America's Favorite Felon

If you ever needed proof of the extent of the culture gap between your New York television network news and your ordinary middle class, mortgage-paying mall walker, check out the reaction to the verdict in the Martha Stewart trial.

For reasons as different as chocolate banana daiquiris are to Amish checkerboard quilts, normal ordinary civilians and big-time network reporters were both whacked into bewilderment upon hearing the Queen Cream Dream was found guilty by a jury on four felony counts. The media was astounded because Ms. Stewart had been a minor deity as long as they've been in the game -- a top-five "get" on their career goals had been an invitation to one of her soirées -- and they consider her actions less criminal than attempting to crash a velvet rope party encumbered with uninvited Midwest guests wearing creased jeans. "Insider information? It's the way of the world. Don't be naive."

On the other hand, the mall-walkers are incredulous a bona fide celebrity actually got nailed for anything. Folks on the street find the suburban superstar guilty not of insider trading, not of lying to a federal agent, but of being smug. Of being overly blonde. Of betraying the holy gospel of household perfection by cutting ethical corners. Of risking a $450 million fortune in a vain attempt to save a measly 50 grand.

She earned her chops as the domestic goddess for women from Connecticut. "Today we'll learn how to hacksaw walnuts into decorative napkin rings." Oh for crum's sake. Bite me, lady. We have families who need two incomes just to put food on the table, and this socialite twit got famous for making housewives feel guilty because they can't find the time to carve a two-fifths cream cheese replica likeness of Mount Rushmore to honor President's Day. And at the end of every show, the revelation: "Look what I made." Oh, get real. You didn't make squat, Martha -- everybody knows you have 20 Vietnamese women backstage begging to go back to work for Nike.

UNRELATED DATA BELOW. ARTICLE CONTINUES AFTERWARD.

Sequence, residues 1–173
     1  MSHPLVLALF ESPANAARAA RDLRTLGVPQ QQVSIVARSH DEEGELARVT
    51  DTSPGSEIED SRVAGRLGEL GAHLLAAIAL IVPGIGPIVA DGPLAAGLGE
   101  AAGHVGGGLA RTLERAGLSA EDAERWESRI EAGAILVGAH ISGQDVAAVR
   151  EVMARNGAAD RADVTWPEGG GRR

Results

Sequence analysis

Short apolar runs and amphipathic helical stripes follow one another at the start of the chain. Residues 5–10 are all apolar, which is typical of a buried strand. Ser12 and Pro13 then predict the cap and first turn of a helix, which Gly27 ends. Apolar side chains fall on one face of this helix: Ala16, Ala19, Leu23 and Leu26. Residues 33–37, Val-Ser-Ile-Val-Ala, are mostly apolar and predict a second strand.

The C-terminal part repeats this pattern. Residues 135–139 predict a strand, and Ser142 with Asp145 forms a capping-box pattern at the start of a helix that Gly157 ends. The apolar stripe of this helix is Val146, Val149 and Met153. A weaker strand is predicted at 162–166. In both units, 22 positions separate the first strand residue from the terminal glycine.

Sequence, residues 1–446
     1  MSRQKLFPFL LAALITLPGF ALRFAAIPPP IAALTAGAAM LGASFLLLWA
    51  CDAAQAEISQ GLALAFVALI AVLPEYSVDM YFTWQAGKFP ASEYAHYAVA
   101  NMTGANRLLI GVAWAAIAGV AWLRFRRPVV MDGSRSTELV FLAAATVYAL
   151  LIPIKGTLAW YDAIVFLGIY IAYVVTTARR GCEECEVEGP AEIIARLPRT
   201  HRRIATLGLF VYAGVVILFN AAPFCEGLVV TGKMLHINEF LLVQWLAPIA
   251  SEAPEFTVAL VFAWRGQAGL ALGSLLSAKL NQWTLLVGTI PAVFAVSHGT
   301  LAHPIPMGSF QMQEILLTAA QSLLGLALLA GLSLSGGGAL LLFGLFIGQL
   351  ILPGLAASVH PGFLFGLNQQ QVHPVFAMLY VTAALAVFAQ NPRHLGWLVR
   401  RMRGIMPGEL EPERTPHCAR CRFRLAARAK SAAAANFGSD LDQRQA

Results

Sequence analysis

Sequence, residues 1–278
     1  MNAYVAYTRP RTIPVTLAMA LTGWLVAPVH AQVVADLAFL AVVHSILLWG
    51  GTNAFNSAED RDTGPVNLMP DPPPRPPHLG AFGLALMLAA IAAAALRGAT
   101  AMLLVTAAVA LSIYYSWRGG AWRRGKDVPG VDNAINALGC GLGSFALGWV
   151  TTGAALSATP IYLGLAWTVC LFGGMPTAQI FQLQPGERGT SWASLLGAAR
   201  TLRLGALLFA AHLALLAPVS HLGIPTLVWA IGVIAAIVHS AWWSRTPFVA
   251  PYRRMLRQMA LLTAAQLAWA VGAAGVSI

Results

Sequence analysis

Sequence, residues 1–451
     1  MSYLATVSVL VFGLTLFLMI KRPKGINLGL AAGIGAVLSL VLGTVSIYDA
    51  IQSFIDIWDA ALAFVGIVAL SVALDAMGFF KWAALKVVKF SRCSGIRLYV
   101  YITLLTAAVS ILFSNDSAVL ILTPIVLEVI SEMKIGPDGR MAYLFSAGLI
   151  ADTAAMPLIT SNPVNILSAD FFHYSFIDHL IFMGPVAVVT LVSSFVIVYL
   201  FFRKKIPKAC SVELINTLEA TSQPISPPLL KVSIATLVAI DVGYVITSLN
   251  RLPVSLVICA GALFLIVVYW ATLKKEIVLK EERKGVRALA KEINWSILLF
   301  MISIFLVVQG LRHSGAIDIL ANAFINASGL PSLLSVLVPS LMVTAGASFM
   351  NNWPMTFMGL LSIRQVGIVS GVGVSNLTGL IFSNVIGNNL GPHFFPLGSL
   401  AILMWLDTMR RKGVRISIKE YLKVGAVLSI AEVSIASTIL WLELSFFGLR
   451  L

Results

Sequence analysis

But everybody agrees she'll be back: You can't keep a good girl down, and America loves redemption stories. So she gets 18 months: 3 months before her release, K-Mart will start promoting Martha Stewart's newest line of coordinates. Assorted shades of gray in muslin and burlap. Lots of vertical stripes. "Discover the confining beauty of slate and granite with the new Martha Stewart Solitary Collection: Busting Out for Spring."

Will Durst thinks vertical stripes are so slimming.

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